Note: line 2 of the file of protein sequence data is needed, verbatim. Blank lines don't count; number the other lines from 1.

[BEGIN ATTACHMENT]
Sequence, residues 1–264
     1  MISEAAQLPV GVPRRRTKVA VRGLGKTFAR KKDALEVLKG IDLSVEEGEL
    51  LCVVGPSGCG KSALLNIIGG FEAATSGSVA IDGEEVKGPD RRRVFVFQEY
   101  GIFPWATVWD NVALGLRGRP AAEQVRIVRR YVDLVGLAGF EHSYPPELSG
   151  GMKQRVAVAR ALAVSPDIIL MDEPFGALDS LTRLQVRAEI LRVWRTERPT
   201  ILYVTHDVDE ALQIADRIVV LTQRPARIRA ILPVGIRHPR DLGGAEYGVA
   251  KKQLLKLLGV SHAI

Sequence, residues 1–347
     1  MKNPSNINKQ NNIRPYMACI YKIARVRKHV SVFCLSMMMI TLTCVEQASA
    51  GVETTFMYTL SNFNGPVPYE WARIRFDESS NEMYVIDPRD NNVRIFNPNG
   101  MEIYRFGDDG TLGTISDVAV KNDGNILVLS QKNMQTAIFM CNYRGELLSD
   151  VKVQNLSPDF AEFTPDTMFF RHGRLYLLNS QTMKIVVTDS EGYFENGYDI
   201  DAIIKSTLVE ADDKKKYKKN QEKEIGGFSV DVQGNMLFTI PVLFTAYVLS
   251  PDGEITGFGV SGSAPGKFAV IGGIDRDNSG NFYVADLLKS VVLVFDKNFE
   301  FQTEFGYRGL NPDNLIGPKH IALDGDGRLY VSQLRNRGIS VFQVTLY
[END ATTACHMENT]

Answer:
     1  MISEAAQLPV GVPRRRTKVA VRGLGKTFAR KKDALEVLKG IDLSVEEGEL